• Vince Gill
  • Alan Jackson
  • George Strait

After Garth swept the ACM’s earlier that year, he was expected to do the same at the CMA’s, and he came close, winning Entertainer, Single and Album. But industry favorite Vince Gill took home Male Vocalist, an award that Garth Brooks would never receive, though he would win Entertainer a record four times.

1990

  • Clint Black
  • Garth Brooks
  • Rodney Crowell
  • Ricky Van Shelton
  • George Strait

For the second year in a row, the previous year’s Horizon winner took home Male Vocalist. Clint Black won easily over very distinguished competition.

1989

  • Rodney Crowell
  • Ricky Van Shelton
  • George Strait
  • Randy Travis
  • Keith Whitley

After winning Horizon in 1988, platinum-selling Ricky Van Shelton graduated into a Male Vocalist winner only one year later. Keith Whitley received a posthumous nomination; he won Single of the Year that same evening.

1988

  • Vern Gosdin
  • Ricky Van Shelton
  • George Strait
  • Randy Travis
  • Hank Williams, Jr.

It’s hard not to wince at the knowledge that the peerless Vern Gosdin only received one nomination in this category, but there was no stopping Travis from collecting his second win.

1987

  • George Jones
  • Ricky Skaggs
  • George Strait
  • Randy Travis
  • Hank Williams, Jr.

In a lineup that was a traditionalist’s dream, new star Randy Travis took home the trophy.  At the time, he was breaking sales records, enjoying a quadruple-platinum studio album in Always & Forever.

1986

  • George Jones
  • Gary Morris
  • George Strait
  • Randy Travis
  • Hank Williams, Jr.

Strait won his second consecutive Male Vocalist award on the strength of another huge year at radio and retail.

1985

  • Lee Greenwood
  • Gary Morris
  • Ricky Skaggs
  • George Strait
  • Hank Williams, Jr.

George Strait won the first of a record-matching five Male Vocalist awards, also taking home Album of the Year that same evening.

1984

  • Lee Greenwood
  • Merle Haggard
  • Gary Morris
  • Ricky Skaggs
  • George Strait

Greenwood’s Vegas vocals won him the award for the second time.

1983

  • John Anderson
  • Lee Greenwood
  • Merle Haggard
  • Willie Nelson
  • Ricky Skaggs

Greenwood looks pretty shabby against these other four nominees, taking home Male Vocalist in the same year Janie Fricke won for Female Vocalist. Is there a year in the history of the CMA’s where the winners of those two categories were collectively less impressive?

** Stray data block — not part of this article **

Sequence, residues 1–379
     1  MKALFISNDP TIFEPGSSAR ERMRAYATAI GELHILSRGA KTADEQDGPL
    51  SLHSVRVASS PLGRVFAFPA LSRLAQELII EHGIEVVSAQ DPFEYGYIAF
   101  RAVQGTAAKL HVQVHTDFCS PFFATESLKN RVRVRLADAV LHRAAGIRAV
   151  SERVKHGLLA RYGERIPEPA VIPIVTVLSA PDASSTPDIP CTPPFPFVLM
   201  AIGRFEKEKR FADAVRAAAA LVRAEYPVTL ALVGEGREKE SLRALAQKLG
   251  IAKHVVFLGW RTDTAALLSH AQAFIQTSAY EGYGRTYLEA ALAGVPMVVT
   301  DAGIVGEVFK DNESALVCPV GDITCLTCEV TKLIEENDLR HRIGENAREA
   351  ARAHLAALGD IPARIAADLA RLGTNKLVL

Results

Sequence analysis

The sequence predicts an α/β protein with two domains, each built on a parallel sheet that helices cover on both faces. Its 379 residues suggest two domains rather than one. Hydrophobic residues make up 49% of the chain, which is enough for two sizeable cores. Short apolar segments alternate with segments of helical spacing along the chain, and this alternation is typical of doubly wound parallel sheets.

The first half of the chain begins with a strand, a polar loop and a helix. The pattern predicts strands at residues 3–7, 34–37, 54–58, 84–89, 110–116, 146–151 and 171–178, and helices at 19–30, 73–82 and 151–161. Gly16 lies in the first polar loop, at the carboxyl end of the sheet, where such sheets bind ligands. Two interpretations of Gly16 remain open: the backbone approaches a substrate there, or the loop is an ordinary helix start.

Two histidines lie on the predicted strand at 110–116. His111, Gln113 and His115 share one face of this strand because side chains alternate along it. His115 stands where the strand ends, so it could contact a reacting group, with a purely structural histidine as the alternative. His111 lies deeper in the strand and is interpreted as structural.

1982

  • Merle Haggard
  • George Jones
  • Ronnie Milsap
  • Willie Nelson
  • Ricky Skaggs

Pulling off the astonishing feat of winning both Male Vocalist and Horizon award, Emmylou Harris’ former bandmate was hugely rewarded for bringing bluegrass to the masses.

1981

  • George Jones
  • Ronnie Milsap
  • Willie Nelson
  • Kenny Rogers
  • Don Williams

It’s taken for granted that Jones is the greatest living male vocalist in country music; few would dare to argue otherwise. No surprise, then, that he won for the second year in a row.

1980

  • John Conlee
  • George Jones
  • Willie Nelson
  • Kenny Rogers
  • Don Williams

Nominated for the first time in his career, George Jones walked away with Male Vocalist of the Year, along with Single of the Year for “He Stopped Loving Her Today”.

1979

  • John Conlee
  • Larry Gatlin
  • Willie Nelson
  • Kenny Rogers
  • Don Williams

It’s hard to believe that the legendary showman never won Entertainer of the Year, but he did take home a much-deserved Male Vocalist award, at least.  Unfortunately, fellow nominee John Conlee would never be recognized at all, losing his first of two shots at this award.

1978

  • Larry Gatlin
  • Ronnie Milsap
  • Willie Nelson
  • Kenny Rogers
  • Don Williams

One of the most underrated artists in country music history got a well-deserved pat on the back, winning over four larger personalities in 1978.

1977

  • Larry Gatlin
  • Waylon Jennings
  • Ronnie Milsap
  • Kenny Rogers
  • Don Williams

Milsap set a record when he won for the third time in this category, which would stand until 1994, when Vince Gill won his fourth trophy.

1976

  • Waylon Jennings
  • Ronnie Milsap
  • Willie Nelson
  • Conway Twitty
  • Don Williams

After losing to Jennings the previous year, Milsap returned to collect his second Male Vocalist trophy in 1976. Conway Twitty lost again in his final appearance in the category.

1975

  • John Denver
  • Freddy Fender